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Guide to the Albany Coast

Guide to the Albany Coast

The coast below Albany Wind Farm (photography David Steele).



At just over four hours’ drive south of Perth, Albany is a touch too far to be an easy weekend getaway from Perth – and it deserves more than a couple of days anyway. As the first European settlement in the state and the hub for the farms of the Great Southern, it’s a bustling city of 34,000 residents, and has some excellent attractions, in the city centre, out in the nearby national parks, and along the beautiful coastline. While Albany has a reputation as being a bit wet (you’ll often cop a fair bit of drizzle, especially during the winter months) the flipside is cooler summer temps, excellent surfing and good growing conditions for the Great Southern’s farmers (check out their bountiful produce at the two farmers markets each weekend). The city sprawls, but the main action for visitors is in the CBD and on the north side of Mount Clarence at Middleton Beach. A great way to get your bearings is to walk or cycle the 3km track that runs from the city’s harbour to Middleton Beach – there are great views from the headland. In the city, along York Street and Stirling Terrace, many buildings from the 1800s are now bars and cafes; there’s no shortage of excellent places to eat here. There are also a surprising number of trendy boutiques mixed in among the bog-standard chain shops. A little further north from Middleton and Emu beaches (which are actually one long stretch of white sand), you’ll hit Emu Point, a haven for swimming and fishing, where you’ll also be able to grab some decent takeaway. South of the city, Frenchman Bay is yet another scenic swimming beach, and you can’t visit the region without checking out the wild coastline of the Torndirrup National Park, with its stony icons The Gap and the Natural Bridge. There’s accommodation to suit everyone, from high-end private homes and historic hotels, to budget-friendly motels, small-scale B&Bs and campgrounds. The fishing and surfing options along the coastline are topnotch, and hiking in the nearby national parks is popular, too (the Bibbulmun Track and Munda Biddi cycle trail both finish in Albany).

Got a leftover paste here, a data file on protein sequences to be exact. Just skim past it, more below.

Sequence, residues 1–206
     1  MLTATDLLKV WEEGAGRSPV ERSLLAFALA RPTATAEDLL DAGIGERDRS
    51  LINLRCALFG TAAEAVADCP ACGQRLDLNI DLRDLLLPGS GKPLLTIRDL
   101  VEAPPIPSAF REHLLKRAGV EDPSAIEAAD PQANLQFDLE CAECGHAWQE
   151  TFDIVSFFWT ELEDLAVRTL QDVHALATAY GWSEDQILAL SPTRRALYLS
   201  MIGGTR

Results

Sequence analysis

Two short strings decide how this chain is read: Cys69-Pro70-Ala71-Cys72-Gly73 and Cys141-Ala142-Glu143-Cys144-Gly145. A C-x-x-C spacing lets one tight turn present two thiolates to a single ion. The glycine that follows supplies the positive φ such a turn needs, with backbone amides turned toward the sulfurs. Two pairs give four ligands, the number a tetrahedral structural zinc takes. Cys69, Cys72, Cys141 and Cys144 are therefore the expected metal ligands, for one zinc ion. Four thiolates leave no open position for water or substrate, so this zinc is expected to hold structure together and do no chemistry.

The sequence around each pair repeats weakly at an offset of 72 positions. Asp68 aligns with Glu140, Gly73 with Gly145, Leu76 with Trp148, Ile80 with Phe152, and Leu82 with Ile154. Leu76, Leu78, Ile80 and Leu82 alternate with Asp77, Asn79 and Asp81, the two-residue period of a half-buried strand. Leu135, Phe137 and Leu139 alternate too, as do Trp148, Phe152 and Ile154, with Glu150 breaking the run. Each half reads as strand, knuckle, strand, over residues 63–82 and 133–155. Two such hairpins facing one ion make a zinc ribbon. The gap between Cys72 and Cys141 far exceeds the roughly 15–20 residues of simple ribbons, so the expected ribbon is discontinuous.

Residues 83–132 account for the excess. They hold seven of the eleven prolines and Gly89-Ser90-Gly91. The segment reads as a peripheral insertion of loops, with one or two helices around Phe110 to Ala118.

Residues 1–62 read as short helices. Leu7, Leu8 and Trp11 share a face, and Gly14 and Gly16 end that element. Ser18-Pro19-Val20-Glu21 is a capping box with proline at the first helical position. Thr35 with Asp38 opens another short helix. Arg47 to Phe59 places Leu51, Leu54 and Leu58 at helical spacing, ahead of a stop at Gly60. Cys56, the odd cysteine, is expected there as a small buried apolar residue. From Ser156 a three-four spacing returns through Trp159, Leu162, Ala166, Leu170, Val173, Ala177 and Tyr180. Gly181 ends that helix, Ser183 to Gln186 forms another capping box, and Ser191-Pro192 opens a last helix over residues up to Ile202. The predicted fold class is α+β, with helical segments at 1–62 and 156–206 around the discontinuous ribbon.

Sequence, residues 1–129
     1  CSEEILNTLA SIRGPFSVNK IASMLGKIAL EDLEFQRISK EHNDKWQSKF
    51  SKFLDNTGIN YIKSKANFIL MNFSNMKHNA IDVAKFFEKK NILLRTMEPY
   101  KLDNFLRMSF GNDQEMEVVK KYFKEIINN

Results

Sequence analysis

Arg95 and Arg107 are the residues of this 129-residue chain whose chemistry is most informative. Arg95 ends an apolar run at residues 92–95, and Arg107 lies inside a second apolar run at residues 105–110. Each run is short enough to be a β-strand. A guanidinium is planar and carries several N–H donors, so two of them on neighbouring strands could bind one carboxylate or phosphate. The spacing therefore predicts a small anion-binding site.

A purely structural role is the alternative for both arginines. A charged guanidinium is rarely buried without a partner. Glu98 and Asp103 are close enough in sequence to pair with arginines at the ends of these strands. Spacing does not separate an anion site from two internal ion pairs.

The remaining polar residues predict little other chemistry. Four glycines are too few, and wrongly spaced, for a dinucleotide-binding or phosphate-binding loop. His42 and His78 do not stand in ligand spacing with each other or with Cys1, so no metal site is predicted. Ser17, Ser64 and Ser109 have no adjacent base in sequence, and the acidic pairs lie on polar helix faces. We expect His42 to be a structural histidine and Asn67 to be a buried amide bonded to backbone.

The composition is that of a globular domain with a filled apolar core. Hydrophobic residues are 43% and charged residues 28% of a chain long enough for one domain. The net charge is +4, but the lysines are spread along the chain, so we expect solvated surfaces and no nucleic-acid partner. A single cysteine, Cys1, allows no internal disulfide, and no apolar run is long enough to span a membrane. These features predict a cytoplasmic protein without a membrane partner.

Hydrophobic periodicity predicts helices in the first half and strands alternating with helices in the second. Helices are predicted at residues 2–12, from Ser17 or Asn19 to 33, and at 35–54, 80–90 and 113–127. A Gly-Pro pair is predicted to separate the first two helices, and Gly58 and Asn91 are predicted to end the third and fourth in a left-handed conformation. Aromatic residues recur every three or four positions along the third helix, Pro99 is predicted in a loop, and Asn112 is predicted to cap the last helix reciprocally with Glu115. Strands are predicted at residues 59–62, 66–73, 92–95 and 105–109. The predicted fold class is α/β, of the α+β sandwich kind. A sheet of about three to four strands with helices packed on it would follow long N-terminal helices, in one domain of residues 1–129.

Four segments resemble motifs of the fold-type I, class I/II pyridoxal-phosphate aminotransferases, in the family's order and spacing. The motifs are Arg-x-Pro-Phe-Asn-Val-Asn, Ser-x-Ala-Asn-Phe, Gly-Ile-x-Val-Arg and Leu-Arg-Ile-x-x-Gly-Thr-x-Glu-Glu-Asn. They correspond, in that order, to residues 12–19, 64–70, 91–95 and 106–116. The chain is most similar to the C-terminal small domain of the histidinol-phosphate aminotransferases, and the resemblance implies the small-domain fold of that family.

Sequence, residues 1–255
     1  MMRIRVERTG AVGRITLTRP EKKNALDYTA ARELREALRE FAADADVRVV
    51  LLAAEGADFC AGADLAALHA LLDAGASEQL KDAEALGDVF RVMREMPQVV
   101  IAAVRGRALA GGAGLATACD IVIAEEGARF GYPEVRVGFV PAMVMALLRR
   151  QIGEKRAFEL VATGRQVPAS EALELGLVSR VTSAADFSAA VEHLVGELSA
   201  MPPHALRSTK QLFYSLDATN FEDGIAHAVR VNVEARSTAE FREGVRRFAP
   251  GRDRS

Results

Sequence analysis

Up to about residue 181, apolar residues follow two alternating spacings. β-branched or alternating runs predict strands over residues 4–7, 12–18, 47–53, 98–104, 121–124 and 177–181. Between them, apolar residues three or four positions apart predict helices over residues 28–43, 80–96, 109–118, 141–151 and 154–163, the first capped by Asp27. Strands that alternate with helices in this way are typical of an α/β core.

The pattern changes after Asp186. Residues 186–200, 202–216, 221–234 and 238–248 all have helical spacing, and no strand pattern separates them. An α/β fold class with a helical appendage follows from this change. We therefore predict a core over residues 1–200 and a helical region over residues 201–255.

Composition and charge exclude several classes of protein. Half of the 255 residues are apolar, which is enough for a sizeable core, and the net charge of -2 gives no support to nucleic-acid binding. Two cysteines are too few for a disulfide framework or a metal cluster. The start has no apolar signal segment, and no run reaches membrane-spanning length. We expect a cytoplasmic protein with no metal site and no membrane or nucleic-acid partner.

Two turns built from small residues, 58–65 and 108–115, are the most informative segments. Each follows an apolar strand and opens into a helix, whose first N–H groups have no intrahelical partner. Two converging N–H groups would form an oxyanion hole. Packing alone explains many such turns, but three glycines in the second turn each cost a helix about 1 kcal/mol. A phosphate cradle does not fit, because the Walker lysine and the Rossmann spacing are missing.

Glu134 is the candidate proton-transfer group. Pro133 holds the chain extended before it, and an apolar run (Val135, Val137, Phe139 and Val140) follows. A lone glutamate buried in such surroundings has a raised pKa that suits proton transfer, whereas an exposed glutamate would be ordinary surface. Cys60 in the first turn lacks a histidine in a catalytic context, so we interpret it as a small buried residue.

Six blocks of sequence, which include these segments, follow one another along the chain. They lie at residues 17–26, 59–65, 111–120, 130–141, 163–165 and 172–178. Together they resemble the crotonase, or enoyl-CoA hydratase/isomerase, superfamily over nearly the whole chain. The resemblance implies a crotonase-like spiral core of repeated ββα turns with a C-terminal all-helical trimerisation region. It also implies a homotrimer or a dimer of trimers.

Discovery Bay